Cornerback is pretty much set with Kendall Sheffield, Damon Arnette, and Jeffrey Okudah, but they are searching for a fourth this Spring.  With Okudah out with an injury, Marcus Williamson has a chance to get more reps.  Shaun Wade is now healthy, and he too will be in the conversation.

Safety returns Jordan Fuller but lost Damon Webb to graduation.  Isaiah Pryor and Jahsen Wint will compete along with the other underclassmen, which like every position at Ohio State will be a dogfight, but necessary to push each other to get better.

For the time being, all we can do is predict until tomorrow morning, but until I see it for myself, it is difficult to get a good feel for what could and could not happen so I will wait until tomorrow to do so.  For now, as a fan, I will enjoy it with the rest of you and give my projections based on what I have seen.  Go Bucks!

 

 

What If Former Michigan And Ohio State Players Joined Forces To Make Their Own NFL Team?

What has 19 national championships, ten Heisman trophy winners, 80 Big Ten titles, bitter hatred yet mutual respect, and 1,841 total wins? That, my friend, is the Ohio State-Michigan college football rivalry, which has produced a ton of NFL talent. In fact, as of the 2017-2018 season, 33 former Michigan Wolverines players and 42 former Ohio State players were on NFL rosters. Well, what would happen if all 75 of those players joined forces and created their own NFL team? Let’s find out, shall we? Without further ado, below I have constructed the best two-deep roster possible for former participants in ‘The Game’

Quarterback: Tom Brady, Cardale Jones

The Game features Tom Brady, arguably the greatest quarterback of all time under center. Brady is widely recognized as being one of the most clutch quarterbacks of all time and has a ton of accolades to back that up, being a five-time Super Bowl champion, four-time Super Bowl MVP, three-time NFL Most Valuable Player, and thirteen-time Pro Bowler etc.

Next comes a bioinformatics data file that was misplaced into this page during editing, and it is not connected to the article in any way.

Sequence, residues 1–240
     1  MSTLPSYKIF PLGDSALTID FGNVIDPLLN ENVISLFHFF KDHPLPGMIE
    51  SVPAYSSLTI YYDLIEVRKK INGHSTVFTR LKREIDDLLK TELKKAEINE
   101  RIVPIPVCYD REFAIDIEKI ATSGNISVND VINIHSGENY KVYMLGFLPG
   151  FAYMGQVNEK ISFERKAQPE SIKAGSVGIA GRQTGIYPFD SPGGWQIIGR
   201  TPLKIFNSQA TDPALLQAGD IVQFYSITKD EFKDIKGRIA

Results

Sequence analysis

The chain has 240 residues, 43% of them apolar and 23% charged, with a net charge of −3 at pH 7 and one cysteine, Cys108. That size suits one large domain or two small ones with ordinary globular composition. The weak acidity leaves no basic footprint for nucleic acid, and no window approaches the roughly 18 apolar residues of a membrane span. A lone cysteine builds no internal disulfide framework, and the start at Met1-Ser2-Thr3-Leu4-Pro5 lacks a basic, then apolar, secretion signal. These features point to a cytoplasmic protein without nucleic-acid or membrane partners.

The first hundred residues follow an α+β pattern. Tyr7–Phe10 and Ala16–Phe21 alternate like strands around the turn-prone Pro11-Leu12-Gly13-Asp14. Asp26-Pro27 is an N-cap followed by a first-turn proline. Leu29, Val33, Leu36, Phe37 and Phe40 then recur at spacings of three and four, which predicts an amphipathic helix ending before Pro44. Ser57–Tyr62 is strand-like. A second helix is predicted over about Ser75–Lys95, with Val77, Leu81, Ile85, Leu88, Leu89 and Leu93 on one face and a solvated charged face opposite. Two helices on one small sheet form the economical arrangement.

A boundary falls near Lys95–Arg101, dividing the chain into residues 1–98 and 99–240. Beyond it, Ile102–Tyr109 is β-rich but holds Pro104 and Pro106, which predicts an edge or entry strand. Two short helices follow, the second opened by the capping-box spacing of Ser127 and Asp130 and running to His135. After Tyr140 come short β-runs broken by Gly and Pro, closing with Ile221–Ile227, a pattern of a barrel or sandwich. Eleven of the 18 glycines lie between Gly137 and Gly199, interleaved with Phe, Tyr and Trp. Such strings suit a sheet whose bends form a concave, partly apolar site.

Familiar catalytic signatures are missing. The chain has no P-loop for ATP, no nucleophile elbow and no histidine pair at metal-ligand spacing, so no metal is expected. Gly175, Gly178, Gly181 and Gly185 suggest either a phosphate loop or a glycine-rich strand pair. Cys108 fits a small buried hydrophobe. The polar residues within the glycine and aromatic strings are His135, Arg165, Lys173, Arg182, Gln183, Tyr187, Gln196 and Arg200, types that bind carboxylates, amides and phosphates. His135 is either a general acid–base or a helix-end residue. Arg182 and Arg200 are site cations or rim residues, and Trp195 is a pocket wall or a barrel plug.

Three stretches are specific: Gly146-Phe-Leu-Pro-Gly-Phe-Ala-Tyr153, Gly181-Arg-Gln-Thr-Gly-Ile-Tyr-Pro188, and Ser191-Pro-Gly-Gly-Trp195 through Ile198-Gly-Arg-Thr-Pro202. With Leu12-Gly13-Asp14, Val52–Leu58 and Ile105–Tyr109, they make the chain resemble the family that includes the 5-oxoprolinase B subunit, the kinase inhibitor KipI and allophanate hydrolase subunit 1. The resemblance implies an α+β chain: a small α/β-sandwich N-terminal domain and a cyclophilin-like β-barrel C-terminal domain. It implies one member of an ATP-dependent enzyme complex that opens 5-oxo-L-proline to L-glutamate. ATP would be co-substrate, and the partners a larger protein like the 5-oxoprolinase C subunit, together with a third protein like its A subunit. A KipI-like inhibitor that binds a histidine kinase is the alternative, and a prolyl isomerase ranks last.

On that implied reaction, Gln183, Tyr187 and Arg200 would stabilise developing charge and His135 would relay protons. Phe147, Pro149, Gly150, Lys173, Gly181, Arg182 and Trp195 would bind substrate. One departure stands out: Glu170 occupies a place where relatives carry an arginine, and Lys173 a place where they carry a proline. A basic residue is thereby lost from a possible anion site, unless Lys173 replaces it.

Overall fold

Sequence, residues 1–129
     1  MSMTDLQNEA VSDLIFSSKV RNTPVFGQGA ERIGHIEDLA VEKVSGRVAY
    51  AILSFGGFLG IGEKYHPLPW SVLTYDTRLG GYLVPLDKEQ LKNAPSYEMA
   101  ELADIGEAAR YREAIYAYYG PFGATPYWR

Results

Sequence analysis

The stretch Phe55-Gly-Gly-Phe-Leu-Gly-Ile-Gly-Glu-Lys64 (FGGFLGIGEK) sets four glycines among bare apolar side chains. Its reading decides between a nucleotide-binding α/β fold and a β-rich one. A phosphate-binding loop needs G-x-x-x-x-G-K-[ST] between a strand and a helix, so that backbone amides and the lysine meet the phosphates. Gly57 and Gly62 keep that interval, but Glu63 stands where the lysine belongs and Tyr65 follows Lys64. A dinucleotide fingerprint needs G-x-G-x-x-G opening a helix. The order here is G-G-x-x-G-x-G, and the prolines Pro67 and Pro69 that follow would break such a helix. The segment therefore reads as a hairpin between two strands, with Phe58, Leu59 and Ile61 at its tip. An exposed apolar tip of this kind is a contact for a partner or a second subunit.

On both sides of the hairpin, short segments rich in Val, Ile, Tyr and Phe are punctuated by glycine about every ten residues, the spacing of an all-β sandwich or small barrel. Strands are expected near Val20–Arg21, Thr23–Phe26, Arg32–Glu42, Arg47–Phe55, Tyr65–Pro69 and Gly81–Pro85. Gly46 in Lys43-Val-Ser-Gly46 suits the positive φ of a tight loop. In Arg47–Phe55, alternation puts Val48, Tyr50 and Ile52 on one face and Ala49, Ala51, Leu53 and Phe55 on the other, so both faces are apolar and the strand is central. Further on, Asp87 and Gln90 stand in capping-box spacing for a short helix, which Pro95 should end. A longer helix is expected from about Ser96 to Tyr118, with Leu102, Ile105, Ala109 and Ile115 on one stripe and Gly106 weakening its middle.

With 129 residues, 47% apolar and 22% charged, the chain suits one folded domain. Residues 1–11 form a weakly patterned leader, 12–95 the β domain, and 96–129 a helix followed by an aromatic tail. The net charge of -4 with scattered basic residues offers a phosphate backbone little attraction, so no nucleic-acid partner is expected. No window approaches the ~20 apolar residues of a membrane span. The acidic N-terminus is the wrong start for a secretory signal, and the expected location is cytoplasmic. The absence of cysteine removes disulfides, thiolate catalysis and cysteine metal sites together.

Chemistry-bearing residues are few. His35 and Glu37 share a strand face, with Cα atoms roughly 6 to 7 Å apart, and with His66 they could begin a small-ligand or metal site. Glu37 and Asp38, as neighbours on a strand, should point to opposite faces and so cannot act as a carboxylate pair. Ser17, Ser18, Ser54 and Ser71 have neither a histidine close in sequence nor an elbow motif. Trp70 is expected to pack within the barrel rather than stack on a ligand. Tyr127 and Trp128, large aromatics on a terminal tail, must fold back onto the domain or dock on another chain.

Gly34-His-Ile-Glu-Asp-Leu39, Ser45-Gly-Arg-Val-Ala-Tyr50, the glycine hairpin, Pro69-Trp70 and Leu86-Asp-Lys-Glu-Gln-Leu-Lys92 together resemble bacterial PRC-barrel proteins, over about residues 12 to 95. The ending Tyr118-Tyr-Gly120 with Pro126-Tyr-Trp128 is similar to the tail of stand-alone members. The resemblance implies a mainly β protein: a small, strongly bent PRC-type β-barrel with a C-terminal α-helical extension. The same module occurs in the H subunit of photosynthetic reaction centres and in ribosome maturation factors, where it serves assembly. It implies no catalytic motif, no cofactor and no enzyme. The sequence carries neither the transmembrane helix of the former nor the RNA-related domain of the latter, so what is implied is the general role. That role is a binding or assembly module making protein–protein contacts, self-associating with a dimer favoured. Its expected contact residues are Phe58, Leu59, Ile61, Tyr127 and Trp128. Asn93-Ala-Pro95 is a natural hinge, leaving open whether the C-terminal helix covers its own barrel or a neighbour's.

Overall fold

Behind him is Cardale Jones who has proven throughout his career that he is a reliable backup.

Running back: Ezekiel Elliott, Carlos Hyde

At running back, The Game features two former Ohio State stars in Ezekiel Elliott and Carlos Hyde. Despite the fact that Dallas Cowboys running back Ezekiel Elliott was suspended for the first six games of the year, he and Hyde rushed for a combined 157.1 rushing yards per game in 2017. To put that in perspective, the Jacksonville Jaguarsled the NFL in 2017 with 140.2 rushing yards per game as an entire TEAM!

Wide Receiver: Michael Thomas, Devin Funchess, Ted Ginn Jr, Jalin Marshall, and Braxton Miller

In Michael Thomas, The Game has arguably the NFL’s best possession receiver who was sixth in the league with 1,245 receiving yards. It also has big-bodied Devin Funchess (840 receiving yards) and speedster Tedd Ginn Jr. (787 receiving yards) – both of which present big problems for secondaries.

Tight EndNick Vannett, Jeff Heuerman

Although Nick Vannett and Jeff Heuerman provide solid blocking and are legit receiving threats, their 21 combined receptions for 266 yards and three touchdowns last season weren’t all that impressive. However, you better believe that those numbers would increase with Tom Brady under center. 

Offensive Tackle: Taylor Lewan, Taylor Decker, Darryl Baldwin, Chase Farris, Erik Magnuson

Led by rookie Pro-Bowl Selection Taylor Lewan, The Game has a respectable set of offensive tackles. Taylor Decker started in all 16 games as a rookie in 2016, but due to him undergoing shoulder surgery had to sit out for 2017. Nevertheless, the talent’s still there.

Offensive Guard: Andrew Norwell, Kyle Kalis, Patrick Omameh, Ben Braden

Anchored by All-Pro guard Andrew Norwell and an ultra-reliable Patrick Omameh, who started in all 13 games he saw action in last year, The Games guards aren’t so shabby. Kyle Kalis would make a solid option, too.

CenterPat Elflein, Corey Linsley,  

Pat Elflein started in every game of his rookie season for the Vikings, making the 2017 PFWA All-Rookie Team. Ironically, three years earlier, Corey Linsley made the PFWA All-Rookie Team as well and is the proven leader for the Packers up front. 

Defensive EndJoey Bosa, Cameron Heyward, Brandon Graham, Frank Clark 

I don’t know if there’s a rivalry in all of college football that has produced a better collection of defensive ends than ‘The Game’. Highlighted by pro-bowlers Joey Bosa and Cameron Heyward, the combination of those two and Michigan alumn Brandon Graham and Frank Clark recorded a combined total of 194 tackles and 44 sacks last year.